And there are major renovations, such as the $160-million makeover of GSA's own headquarters, which will begin in January just a couple of blocks from the White House in downtown Washington, D.C. Here, the government hopes to reclaim some of the original features of the E-shaped building. Its large internal courtyards were designed to provide natural lighting and ventilation for those working inside when the structure was built in 1917.
"The buildings that were built before the age of air conditioners were designed as green buildings—they just didn't call it that," says Peck. "They had large windows and no one could have an office that didn't have access to daylighting. And the windows could be open on both sides of narrow corridors so the air could flow through."
But as has been typical in buildings in recent decades, the windows of the GSA building were painted shut many years ago so workers could not allow air-conditioned or heated air to escape. Peck says that one of the many innovations in the refurbished building–including solar water heating, a "cool roof," and an extensive water recycling system—is simply a plan to allow workers to open the windows. The building still will have air-conditioning, but it will be controlled in separate zones. And Peck imagines that workers will sometimes receive email informing them when days are so hot they need to keep windows closed. "We're going to have a hybrid system and we're going to learn some things about how you manage air temperature," he says.
The U.S. government already has had success with new natural ventilation buildings, including the GSA office building in San Francisco, California, and new space for the U.S. Department of Energy's National Renewable Energy Laboratory in Golden, Colorado. In fact, since 2000, the U.S. government has had 310 buildings certified as high-performing examples of sustainable architecture under the U.S. Green Building Council's Leadership in Energy and Environmental Design (LEED) program, and 3,500 more federal buildings are pursuing certification. "They are out in front on green buildings," says Melissa Gallagher-Rogers, director of the government sector programs for the building council.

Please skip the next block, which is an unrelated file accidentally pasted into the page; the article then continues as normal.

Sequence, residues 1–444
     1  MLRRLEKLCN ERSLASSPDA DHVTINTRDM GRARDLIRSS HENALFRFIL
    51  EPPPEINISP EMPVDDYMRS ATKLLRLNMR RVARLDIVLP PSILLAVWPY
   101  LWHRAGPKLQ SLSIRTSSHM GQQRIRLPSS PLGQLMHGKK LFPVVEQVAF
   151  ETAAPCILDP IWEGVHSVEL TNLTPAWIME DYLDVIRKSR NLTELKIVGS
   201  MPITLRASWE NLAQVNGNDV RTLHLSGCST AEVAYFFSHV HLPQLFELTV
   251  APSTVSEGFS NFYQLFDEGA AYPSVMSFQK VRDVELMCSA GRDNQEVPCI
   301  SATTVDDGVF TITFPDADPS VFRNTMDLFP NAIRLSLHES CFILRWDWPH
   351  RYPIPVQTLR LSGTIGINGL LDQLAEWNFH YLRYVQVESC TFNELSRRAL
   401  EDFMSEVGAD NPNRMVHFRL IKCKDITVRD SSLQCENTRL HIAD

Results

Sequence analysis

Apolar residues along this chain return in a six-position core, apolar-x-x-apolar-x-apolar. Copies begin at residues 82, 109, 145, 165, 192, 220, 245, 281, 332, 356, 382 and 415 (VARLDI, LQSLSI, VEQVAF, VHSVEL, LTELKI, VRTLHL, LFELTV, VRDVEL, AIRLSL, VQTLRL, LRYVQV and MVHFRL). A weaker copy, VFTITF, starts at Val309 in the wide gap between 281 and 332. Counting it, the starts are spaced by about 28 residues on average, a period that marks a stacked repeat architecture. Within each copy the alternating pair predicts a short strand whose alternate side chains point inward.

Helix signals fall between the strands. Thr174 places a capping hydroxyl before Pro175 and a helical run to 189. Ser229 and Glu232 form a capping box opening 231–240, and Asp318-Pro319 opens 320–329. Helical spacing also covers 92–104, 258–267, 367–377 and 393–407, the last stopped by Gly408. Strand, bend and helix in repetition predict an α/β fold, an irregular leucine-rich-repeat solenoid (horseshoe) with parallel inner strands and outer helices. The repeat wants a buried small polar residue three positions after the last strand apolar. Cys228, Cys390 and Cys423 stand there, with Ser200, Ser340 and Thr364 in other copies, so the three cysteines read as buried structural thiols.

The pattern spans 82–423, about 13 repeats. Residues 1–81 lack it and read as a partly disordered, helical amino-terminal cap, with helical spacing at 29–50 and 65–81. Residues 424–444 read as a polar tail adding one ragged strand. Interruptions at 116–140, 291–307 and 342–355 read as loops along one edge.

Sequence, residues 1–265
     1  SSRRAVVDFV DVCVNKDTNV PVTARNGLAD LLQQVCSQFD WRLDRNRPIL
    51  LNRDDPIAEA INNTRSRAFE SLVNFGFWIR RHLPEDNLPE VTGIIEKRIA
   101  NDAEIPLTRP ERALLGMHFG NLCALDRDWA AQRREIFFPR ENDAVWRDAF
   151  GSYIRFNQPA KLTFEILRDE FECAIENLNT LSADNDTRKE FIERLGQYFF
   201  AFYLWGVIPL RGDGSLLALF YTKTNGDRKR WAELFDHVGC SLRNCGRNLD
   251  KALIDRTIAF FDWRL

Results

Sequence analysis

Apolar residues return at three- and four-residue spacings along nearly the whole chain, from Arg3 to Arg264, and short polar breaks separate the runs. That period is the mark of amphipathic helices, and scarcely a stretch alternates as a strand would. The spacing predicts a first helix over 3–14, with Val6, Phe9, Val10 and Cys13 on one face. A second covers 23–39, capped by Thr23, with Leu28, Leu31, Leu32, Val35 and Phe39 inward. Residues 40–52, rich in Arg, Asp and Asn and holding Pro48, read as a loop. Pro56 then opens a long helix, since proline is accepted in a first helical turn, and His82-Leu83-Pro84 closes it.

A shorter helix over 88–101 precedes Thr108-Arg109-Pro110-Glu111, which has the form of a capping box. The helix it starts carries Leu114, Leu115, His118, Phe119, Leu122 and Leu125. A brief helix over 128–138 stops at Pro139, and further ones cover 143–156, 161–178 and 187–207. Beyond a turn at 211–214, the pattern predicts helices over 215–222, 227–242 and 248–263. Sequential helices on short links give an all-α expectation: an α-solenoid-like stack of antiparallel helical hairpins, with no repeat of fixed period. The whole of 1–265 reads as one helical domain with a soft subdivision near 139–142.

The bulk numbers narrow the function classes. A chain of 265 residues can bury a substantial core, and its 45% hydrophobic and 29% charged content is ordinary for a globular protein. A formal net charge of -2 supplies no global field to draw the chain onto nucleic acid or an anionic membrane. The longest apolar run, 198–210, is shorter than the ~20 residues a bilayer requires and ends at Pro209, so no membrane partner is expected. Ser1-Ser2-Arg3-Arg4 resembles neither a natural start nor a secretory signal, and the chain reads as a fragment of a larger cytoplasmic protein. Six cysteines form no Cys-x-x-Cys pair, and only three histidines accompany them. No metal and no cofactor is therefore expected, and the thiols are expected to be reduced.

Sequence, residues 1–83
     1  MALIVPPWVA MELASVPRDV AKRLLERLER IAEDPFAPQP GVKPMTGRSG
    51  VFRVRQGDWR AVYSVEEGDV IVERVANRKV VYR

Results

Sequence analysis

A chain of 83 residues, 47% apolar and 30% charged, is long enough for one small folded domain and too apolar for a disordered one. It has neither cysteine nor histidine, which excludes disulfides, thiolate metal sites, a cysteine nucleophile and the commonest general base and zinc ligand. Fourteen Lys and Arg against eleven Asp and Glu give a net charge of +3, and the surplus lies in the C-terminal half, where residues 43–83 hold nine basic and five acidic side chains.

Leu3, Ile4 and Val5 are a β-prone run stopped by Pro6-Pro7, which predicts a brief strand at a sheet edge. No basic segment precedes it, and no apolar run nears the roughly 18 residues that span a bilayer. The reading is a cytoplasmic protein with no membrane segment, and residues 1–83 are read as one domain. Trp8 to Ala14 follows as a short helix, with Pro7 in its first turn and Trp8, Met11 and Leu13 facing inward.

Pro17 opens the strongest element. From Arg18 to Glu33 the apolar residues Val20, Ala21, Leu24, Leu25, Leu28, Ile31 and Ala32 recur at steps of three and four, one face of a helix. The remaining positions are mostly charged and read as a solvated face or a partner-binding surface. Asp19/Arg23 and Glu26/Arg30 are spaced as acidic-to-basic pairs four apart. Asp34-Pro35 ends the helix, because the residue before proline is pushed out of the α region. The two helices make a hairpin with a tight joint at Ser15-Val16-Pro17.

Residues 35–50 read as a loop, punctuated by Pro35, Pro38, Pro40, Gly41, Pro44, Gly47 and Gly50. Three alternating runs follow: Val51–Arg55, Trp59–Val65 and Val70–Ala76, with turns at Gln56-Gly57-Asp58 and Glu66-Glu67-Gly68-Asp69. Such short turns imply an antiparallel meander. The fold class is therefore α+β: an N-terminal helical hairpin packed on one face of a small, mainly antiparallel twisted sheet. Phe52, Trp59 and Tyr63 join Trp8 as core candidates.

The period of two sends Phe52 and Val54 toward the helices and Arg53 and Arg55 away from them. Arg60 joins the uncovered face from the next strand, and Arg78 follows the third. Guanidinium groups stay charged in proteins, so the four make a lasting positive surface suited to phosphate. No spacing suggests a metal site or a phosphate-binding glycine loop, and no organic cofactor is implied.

In late October, GSA said it would require that every new federal building and substantial renovation project meet the LEED "Gold" standard, an upgrade from the "Silver" target that had been in place since 2003. "I think that there's a huge momentum that's being built up and I think we're just going to continue moving forward and improving the performance," says Gallagher-Rogers.
Nancy Sutley, who as chair of the White House Council on Environmental Quality is President Obama's chief environmental adviser, says the variety of the federal government's building portfolio may be as big a challenge as its size. "We have every possible kind of building from the White House to a homeland security port of entry in Maine that's dealing with temperature extremes," she says. "So we're thinking about how to apply green building standards to a very diverse set of buildings."
And in working toward its greenhouse gas emissions goal for 2020, the federal government also will have to tackle the challenge of vehicle fuel. In fact, more than 60 percent of the government's energy consumption is for transport—particularly jet fuel.
(Related: "First Green Supersonic Jet Launches on Earth Day")
But Sutley says that the Department of Defense, with numerous programs to shift to greener fuels and reduce oil dependence, has set one of the most aggressive greenhouse gas reduction targets government-wide: 34 percent by 2020.
"Fuel is a huge cost for them dollar-wise, but it also is a huge cost when they have to send these fuel convoys hundreds of miles into Afghanistan to provide fuel to the troops, putting people's lives at risk," Sutley says. "So reducing their operational energy is also protecting the troops, and it also is an example of how across the federal government, agencies are recognizing that sustainability is mission-critical."
(Related: National Geographic's Personal Energy Meter)
Yewon Kang and Zak Koeske of Medill News Service in Washington, D.C. contributed to this report.